Indian Doctor Jailed For Life For Sedition

24 Dec

RAIPUR, India: An Indian doctor was sentenced to life imprisonment on Friday after being convicted of helping Maoist rebels in a case criticised by rights groups and Nobel laureates.

Police had arrested Binayak Sen three years ago on charges of waging war against the state in the central state of Chhattisgarh — the hub of India's widespread Maoist insurgency.

During his two-and-a-half year trial, prosecutors had made the case that the doctor was involved in helping Maoists create an urban network and had acted as a go-between for a Maoist leader and a businessman.

The sessions court judge in the state capital, Raipur, found Sen and two other men guilty of sedition and unlawful activity and handed down life sentences on all three.

Sen wept when the guilty verdict was announced and his lawyer said he would appeal.

Sen, a paediatrician and human rights activist who was freed on bail last year, has always maintained his innocence.

“There is no suggestion of warlike activity anywhere in the judgement copy,” he complained after the sentence was announced.

His wife Ilina, who was in court with the couple's two daughters, was outraged.

“It's totally irrational. This person who has given his entire life for the poor is now convicted of sedition,” she said.

Sen had been running health clinics and training health workers in Chhattisgarh's tribal communities, among the poorest people in India and whose plight the Maoist rebels claim to champion.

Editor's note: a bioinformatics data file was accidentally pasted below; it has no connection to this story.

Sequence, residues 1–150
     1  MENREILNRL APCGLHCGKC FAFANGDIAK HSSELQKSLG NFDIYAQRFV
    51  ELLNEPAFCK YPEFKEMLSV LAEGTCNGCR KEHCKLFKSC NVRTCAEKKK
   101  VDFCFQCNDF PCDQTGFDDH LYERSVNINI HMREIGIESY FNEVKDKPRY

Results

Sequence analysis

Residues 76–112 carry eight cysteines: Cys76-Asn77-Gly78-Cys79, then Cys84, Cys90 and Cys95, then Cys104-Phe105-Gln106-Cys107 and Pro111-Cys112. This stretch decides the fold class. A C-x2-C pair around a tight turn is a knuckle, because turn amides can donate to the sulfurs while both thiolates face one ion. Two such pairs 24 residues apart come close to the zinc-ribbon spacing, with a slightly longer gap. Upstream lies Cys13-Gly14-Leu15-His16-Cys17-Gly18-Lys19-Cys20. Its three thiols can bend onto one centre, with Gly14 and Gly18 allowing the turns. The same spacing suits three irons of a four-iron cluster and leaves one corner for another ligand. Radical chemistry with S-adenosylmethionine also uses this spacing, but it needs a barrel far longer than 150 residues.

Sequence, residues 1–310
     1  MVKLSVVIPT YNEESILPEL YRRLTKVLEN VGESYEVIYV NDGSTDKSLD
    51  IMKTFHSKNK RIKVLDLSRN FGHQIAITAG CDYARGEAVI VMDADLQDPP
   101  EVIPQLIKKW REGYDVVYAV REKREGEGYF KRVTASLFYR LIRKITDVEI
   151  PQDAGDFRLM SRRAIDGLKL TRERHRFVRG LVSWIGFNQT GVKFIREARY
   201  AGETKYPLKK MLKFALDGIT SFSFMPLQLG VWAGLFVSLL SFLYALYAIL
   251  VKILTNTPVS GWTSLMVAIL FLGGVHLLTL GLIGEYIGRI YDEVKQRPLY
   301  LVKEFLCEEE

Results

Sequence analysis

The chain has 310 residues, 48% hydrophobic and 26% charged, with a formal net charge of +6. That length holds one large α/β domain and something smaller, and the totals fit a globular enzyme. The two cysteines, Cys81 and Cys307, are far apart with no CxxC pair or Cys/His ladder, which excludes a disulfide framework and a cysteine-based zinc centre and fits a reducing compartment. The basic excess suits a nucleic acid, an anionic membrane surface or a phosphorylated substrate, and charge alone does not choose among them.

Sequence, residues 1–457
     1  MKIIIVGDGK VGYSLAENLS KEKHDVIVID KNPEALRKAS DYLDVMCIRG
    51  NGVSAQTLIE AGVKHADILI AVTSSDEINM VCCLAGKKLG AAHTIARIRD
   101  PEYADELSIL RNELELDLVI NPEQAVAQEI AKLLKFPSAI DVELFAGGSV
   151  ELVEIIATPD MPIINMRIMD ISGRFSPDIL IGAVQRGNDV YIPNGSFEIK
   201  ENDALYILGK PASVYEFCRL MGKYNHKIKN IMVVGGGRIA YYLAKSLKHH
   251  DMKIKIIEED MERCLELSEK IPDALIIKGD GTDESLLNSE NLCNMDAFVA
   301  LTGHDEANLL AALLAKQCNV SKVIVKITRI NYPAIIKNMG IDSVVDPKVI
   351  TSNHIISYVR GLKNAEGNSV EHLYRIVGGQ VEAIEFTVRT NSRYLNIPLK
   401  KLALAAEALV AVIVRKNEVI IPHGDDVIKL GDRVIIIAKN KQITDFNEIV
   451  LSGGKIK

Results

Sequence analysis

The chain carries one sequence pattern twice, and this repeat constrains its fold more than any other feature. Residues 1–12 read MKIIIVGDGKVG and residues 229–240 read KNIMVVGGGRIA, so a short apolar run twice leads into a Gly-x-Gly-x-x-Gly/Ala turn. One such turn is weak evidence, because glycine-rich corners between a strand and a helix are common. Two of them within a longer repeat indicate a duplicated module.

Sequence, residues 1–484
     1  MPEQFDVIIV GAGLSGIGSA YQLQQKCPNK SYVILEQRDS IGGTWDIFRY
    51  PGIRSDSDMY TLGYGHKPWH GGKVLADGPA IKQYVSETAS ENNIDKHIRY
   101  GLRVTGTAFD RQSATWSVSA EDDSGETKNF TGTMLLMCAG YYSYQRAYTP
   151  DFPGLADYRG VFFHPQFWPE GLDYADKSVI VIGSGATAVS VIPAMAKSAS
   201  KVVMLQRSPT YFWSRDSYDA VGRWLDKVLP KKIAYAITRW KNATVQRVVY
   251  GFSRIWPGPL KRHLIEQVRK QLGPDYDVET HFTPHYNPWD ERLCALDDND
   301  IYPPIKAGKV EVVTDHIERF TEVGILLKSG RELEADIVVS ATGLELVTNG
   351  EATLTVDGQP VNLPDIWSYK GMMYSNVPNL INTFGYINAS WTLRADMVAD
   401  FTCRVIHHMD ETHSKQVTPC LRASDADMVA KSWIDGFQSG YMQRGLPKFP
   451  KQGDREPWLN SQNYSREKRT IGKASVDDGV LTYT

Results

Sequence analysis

In 2008, the US-based Global Health Council gave Sen the prestigious Jonathan Mann Award for health and human rights in recognition of his services to the poor and disadvantaged.

While Sen was still in jail, 22 Nobel laureates sent a letter to the Indian government criticising his imprisonment and asking that he be freed in order to collect the council's award in person.

“We wish to express grave concern that Dr Sen appears to be incarcerated solely for peacefully exercising his fundamental human rights,” the letter said, adding that the internal security laws used to charge Sen “do not comport with international human rights standards”.

Almost 1,000 people, including 577 civilians, died in the first 10 months of 2010 in violence linked to the Maoist revolt across India, according to official data.

The rebel movement, which began in 1967, feeds off land disputes, police brutality and corruption and is strongest in the poorest and most deprived areas of India, many of which are rich in natural resources.

Indian Prime Minister Manmohan Singh has labelled the insurgency the number one threat to India's internal security.

-AFP/wk

Channel News Asia

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